It’s almost difficult to imagine. A group of people puts heads together, and after hours of deliberation, comes up with the name of a state called Michigan, meaning “hell.” Then what would you say about the state named “Oregon” in the US which means “boring”. You think that’s weird?
But there are also the perplexing ones – from historical destinations to landmarks and communities- whose names and stories evoke a sense of wonder. Imagine, for instance, the mysterious, free-flowing blood-colored water at Blood Falls in Antarctica or the sheer awe of Death Valley in Eastern California. Even though most of the locations mentioned are in Europe, African is also not without these awe-inspiring destinations.
So, if you are the adventurous type and visiting strange places is in your bucket list, then let’s go!
#1. The Giant Blue Eye of Africa (Mauritania)
One of the strange wonders of Africa is the Giant Blue Eye of Africa found in the Western Sahara Desert in Mauritania. The spectacular structure is a blue circle – like the eye – in the sands of Mauritania and is believed to be around 100 million years old. This bull’s eye in the Sahara has sparked several scientific inquiries and none has been able to unravel the mystery surrounding this spot.
Some people describe it as a hole that was formed when God flooded the earth with water in the days of Noah, as recorded in the Holy Bible. While its origin may never be known despite the deluge of scientific inquiries, images of this strange feature, as taken from space by astronauts, continue to intrigue and inspire the world.
#2. Lake Natron (Tanzania)
Africa houses some of the largest freshwater lakes in the world, but the Lake Natron is the purple cow in the pack. This red-blood, deadly lake, which borders Tanzania and Kenya, seems like a scene from a horror movie. Saline and dangerous to life due to its soda and salt contents, this lake houses deposits of sodium carbonate used by ancient Egyptians to mummify their dead. It also provides a base camp for climbing Ol Doinyou Lengai, one of Tanzania’s most iconic mountains.
#3. Crooks’ Corner (Limpopo, South Africa)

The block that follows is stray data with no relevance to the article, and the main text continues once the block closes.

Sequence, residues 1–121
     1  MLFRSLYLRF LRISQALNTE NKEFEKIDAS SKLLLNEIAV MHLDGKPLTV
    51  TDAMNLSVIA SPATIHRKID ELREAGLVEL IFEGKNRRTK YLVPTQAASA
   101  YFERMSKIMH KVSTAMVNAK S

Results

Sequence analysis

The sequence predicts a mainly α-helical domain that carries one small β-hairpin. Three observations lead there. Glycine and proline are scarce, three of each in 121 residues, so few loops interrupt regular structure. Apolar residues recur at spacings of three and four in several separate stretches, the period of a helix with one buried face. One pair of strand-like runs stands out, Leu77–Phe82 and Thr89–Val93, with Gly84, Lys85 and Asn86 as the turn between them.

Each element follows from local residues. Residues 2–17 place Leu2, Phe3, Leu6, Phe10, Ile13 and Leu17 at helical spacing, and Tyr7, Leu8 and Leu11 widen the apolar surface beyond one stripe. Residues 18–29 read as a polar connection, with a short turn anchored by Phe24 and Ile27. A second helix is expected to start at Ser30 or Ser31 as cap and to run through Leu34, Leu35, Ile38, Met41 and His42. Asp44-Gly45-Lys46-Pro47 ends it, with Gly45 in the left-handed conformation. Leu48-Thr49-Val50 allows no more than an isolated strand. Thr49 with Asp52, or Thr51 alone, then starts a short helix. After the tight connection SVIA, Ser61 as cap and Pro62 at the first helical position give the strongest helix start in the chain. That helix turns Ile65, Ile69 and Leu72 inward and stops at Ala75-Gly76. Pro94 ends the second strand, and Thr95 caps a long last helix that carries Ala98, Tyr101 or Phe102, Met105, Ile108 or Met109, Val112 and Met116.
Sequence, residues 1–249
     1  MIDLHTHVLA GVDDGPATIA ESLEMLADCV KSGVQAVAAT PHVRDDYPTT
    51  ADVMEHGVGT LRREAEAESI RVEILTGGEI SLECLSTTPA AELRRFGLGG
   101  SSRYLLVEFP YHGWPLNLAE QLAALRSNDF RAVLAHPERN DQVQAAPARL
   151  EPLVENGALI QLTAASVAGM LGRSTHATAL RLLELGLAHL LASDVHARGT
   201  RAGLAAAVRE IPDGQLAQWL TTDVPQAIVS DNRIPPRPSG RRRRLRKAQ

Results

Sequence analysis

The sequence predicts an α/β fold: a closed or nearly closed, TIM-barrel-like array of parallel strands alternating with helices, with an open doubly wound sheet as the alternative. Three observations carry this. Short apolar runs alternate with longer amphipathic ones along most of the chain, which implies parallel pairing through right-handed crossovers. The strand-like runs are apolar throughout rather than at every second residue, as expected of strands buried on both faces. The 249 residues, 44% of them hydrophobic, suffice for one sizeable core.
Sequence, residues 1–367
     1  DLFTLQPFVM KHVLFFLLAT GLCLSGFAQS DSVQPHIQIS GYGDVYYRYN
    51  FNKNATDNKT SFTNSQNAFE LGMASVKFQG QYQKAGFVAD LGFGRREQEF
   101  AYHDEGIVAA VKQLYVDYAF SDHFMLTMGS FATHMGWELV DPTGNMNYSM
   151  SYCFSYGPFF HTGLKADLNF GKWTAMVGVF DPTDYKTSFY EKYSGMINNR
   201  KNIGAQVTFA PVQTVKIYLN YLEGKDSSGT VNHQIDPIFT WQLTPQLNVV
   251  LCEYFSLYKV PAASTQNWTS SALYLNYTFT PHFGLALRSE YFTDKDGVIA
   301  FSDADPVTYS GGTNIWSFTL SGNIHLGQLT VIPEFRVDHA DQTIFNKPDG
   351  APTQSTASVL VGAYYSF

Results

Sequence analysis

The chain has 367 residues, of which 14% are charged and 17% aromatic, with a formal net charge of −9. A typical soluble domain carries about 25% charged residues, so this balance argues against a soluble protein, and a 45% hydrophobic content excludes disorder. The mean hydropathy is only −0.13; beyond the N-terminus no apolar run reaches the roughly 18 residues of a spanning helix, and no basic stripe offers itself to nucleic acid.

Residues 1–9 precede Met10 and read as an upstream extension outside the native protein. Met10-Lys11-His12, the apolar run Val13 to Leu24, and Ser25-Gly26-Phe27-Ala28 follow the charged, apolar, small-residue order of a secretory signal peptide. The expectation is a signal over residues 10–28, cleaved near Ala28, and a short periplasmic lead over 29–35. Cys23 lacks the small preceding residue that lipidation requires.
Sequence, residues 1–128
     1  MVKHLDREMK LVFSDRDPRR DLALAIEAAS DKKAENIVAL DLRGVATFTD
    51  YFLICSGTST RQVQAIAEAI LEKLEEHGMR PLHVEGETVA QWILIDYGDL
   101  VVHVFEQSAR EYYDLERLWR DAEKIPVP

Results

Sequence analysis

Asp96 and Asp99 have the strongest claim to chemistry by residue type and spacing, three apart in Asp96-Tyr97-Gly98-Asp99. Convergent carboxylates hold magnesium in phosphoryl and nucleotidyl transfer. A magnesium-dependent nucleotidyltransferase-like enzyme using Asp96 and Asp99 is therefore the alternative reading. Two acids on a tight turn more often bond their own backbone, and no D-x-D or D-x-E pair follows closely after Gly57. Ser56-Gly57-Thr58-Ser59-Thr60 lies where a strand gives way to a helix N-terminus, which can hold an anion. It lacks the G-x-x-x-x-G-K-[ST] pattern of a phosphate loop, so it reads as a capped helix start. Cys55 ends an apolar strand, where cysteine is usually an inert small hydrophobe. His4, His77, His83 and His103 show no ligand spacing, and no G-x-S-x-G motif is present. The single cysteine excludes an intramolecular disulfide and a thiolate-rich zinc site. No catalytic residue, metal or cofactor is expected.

Let’s face it – If you were a criminal, trying to disappear from the face of the earth and away from the wrath of the law, what better place to hide than a difficult to access, out of the way confluence of three African countries, now called the Crooks Corner. A century or so ago, this place, which is situated on the north-eastern end of the Kruger National Park, South Africa, was a no man’s land. This historical island destination derived its name from the outlaws who lived there in the 1990s. It is not only a boundary that connects South Africa, Zimbabwe and Mozambique, it is also the confluence of River Limpopo and River Luvuvhu.
#4. Snake Islands (Lagos, Nigeria)
At first mention, most people would be scared to step their feet on this old island because of the possible presence of serpents. But that is far from the reason why the island is so named. This ancient island, which continues to retain its rustic awe in spite of Lagos’ rapid urbanization, derived its name from the windy, snake-like nature of the communities which make up the island.
#5. Blue River (Abia State, Nigeria)
It’s weird to call any mass of water “blue” since science teaches us that water is nearly – if not totally – colorless. But the Azumini River, which radiates a breath-taking charm in Umuahia Ibeku in Abia State of Nigeria, makes you want to think twice about that theory. The Ubeku “Blue River” is so named on account of its stunning sapphire and crystal-clear water that makes it easy to spot fishes and other aquatic animals. As you sail further down the river, the blue color of the water strikes your eyes.
It’s claimed that no river is as clear and blue as this stunning brook. It aesthetics are irresistible coupled with its lush greeneries, and Azunimi Hill that surround the clear water. Legend has it that this hill was a major reason why Azumini founders decided to settle in the present location after they fled their ancestral home in today’s Ijaw.
#6. The Abandoned Outdoor Movie Theatre (Egypt)
On the northern cape of the Sina Desert in Egypt lies a cluster of seats for an outdoor movie cinema. According to Estonian photographer Kaupo Kikkas, who recently visited the abandoned location, the theatre was built some decades ago by an unnamed French man. One day, while at the Sina Desert with his legion of friends, they decided to build a movie theatre there. They headed to Cairo and brought in hundreds of old seats, a generator and a giant screen for the project.
But the locals, who seemed not to be impressed with the idea, sabotaged the opening of the theatre, and till date, that theatre remains forgotten in the middle of the Sina Desert. An Italian pop band named Stadio, are some of the artists to have used the theatre to shoot a music video.
#7. The Seven-Colored Earth of Chamarel (Mauritius)
For ages, the story of this volcanic phenomenon remains shrouded in mystery. Located on the south-western cape of Mauritius, this world famous destination is bordered by an 83-metre high waterfall which gives tourists a panoramic view of this beautiful attraction. It is formed by a volcanic eruption, resulting in seven colors of earth spun together to form the must-see feature.